Much of this may be avoided if people will only abstain from rushing into practices neither the nature nor importance of which they understand. No one is expected to carry a burden beyond his strength and powers. There are "natural-born magicians"; Mystics and Occultists by birth, and by right of direct inheritance from a series of incarnations and aeons of suffering and failures. These are passion-proof, so to say. No fires of earthly origin can fan into a flame any of their senses or desires; no human voice can find response in their souls, except the great cry of Humanity. These only may be certain of success. But they can be met only far and wide, and they pass through the narrow gates of Occultism because they carry no personal luggage of human transitory sentiments along with them. They have got rid of the feeling of the lower personality, paralysed thereby the "astral" animal, and the golden, but narrow gate is thrown open before them. Not so with those who have to carry yet for several incarnations the burden of sins committed in previous lives, and even in their present existence. For such, unless they proceed with great caution, the golden gate of Wisdom may get transformed into the wide gate and the broad way "that leadeth unto destruction," and therefore "many be they that enter in thereby." This is the Gate of the Occult arts, practised for selfish motives and in the absence of the restraining and beneficent influence of Atma-Vidya. We are in the Kali Yuga and its fatal influence is a thousand-fold more powerful in the West than it is in the East; hence the easy preys made by the Powers of the Age of Darkness in this cyclic struggle, and the many delusions under which the world is now laboring. One of these is the relative facility with which men fancy they can get at the "Gate" and cross the threshold of Occultism without any great sacrifice. It is the dream of most Theosophists, one inspired by desire for Power and personal selfishness, and it is not such feelings that can ever lead them to the coveted goal. For, as well said by one believed to have sacrificed himself for Humanity—"Strait is the gate and narrow is the way which leadeth unto life" eternal, and therefore "few there be that find it." (Matt. vii, 14) So strait indeed, that at the bare mention of some of the preliminary difficulties the affrighted Western candidates turn back and retreat with a shudder....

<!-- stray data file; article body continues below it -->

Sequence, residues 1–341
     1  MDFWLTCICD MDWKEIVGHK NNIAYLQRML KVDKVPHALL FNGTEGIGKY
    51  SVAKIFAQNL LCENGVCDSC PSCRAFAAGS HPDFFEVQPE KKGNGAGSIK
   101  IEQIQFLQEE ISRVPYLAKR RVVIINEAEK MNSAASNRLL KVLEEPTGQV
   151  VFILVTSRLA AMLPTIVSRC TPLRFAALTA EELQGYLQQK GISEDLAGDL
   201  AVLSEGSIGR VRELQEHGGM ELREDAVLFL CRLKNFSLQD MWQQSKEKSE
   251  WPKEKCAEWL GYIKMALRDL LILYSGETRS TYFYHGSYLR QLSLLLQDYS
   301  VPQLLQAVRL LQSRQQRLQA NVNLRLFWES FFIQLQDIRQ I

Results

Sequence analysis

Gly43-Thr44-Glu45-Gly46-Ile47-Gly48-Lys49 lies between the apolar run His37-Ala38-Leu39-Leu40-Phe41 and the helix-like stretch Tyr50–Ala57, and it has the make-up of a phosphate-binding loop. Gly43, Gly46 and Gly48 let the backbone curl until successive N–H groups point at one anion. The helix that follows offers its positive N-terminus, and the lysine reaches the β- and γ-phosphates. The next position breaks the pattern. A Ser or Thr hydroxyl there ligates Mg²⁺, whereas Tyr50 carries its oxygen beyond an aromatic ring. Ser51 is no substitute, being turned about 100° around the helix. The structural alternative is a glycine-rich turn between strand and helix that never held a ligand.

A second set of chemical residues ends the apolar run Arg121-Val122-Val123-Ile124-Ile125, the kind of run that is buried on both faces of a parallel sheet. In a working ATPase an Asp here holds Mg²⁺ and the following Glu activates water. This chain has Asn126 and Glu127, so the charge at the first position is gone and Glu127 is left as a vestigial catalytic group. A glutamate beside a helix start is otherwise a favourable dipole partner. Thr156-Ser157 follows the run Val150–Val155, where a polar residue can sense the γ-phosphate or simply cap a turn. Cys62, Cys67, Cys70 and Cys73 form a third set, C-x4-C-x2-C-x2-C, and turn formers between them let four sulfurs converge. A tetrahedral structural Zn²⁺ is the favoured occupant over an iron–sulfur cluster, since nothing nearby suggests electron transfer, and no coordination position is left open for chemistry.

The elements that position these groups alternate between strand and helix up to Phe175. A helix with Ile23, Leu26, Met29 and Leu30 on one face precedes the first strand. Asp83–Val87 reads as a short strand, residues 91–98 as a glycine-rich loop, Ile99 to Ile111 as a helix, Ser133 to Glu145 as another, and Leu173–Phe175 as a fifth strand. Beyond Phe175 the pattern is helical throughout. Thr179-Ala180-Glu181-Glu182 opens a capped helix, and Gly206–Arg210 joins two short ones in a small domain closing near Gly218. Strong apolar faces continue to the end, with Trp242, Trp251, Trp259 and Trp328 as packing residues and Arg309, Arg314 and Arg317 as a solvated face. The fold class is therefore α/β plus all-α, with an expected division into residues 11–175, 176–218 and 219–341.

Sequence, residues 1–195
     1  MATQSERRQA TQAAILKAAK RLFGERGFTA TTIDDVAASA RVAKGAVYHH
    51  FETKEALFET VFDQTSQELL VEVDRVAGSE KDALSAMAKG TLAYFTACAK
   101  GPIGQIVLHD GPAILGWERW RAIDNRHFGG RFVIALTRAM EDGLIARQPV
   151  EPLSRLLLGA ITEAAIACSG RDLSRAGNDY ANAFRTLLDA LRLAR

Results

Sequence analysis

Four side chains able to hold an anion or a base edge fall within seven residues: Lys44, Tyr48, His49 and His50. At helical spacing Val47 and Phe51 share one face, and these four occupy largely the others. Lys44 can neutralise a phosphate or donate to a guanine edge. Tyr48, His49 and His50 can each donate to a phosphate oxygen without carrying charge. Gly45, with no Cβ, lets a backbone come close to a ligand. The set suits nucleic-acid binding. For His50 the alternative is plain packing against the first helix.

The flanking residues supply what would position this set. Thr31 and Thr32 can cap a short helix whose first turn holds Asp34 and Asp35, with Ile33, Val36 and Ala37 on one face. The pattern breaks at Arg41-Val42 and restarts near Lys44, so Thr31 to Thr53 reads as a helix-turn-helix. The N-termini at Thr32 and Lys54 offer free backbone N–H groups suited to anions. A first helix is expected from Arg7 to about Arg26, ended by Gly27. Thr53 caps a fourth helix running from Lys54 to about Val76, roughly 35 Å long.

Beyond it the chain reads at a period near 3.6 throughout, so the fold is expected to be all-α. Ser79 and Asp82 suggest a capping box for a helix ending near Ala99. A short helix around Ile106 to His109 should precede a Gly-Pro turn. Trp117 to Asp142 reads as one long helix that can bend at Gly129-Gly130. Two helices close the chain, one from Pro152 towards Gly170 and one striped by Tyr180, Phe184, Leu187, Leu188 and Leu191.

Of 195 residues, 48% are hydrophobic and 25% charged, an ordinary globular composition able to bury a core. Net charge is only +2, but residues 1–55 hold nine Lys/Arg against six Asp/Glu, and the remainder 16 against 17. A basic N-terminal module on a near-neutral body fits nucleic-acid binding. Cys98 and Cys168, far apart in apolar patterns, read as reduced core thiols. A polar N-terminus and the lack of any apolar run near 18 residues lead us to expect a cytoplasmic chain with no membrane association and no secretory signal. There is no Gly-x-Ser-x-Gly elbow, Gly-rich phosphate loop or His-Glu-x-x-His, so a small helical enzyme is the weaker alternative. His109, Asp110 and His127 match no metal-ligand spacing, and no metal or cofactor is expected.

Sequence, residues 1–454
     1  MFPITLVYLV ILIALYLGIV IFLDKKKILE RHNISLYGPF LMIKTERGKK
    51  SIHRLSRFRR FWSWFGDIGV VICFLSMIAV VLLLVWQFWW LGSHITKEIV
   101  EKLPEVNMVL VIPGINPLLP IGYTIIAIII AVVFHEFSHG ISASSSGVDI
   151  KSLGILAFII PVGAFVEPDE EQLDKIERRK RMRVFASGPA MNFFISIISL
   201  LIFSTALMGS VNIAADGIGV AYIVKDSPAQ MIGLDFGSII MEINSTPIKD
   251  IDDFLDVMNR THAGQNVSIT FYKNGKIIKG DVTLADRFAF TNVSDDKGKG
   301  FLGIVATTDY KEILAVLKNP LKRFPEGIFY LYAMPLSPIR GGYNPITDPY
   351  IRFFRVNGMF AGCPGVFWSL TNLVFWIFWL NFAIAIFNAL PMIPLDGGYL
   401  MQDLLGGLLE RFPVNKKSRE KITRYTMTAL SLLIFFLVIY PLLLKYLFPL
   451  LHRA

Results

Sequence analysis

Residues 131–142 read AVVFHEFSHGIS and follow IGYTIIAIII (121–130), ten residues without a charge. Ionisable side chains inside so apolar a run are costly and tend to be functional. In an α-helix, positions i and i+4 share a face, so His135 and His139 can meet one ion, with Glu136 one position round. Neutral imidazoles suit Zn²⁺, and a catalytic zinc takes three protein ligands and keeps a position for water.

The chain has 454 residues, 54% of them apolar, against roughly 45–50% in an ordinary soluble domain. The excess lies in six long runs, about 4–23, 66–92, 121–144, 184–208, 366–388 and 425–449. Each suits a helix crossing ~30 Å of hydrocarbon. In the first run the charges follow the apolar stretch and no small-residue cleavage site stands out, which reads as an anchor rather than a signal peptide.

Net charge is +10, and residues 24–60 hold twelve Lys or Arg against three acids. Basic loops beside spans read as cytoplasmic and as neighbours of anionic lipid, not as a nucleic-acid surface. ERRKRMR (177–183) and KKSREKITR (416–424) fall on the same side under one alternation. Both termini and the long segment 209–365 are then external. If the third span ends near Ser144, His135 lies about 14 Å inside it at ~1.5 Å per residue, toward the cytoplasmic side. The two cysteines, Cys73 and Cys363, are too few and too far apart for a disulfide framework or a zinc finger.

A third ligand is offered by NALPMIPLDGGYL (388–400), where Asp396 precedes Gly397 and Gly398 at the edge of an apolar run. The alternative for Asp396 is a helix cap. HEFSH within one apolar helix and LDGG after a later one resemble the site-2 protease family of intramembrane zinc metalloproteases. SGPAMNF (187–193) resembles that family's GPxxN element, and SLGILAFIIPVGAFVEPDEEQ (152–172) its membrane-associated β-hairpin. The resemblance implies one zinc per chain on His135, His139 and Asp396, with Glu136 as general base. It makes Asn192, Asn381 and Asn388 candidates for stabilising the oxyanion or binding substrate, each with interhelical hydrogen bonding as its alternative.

Let them stop here and attempt no more in their great weakness. For if, while turning their backs on the narrow gate, they are dragged by their desire for the Occult one step in the direction of the broad and more inviting gates of that golden mystery which glitters in the light of illusion, woe to them! It can lead only to Dugpa-ship, and they will be sure to find themselves very soon landed on that Via Fatale of the Inferno, over whose portal Dante read the words:—
Per me si va nella citta dolente Per me si va nell' eterno dolore Per me si va tra la perduta gente....
THE BLESSINGS OF PUBLICITY
A well-known public lecturer, a distinguished Egyptologist, said, in one of his lectures against the teachings of Theosophy, a few suggestive words, which are now quoted and must be answered:—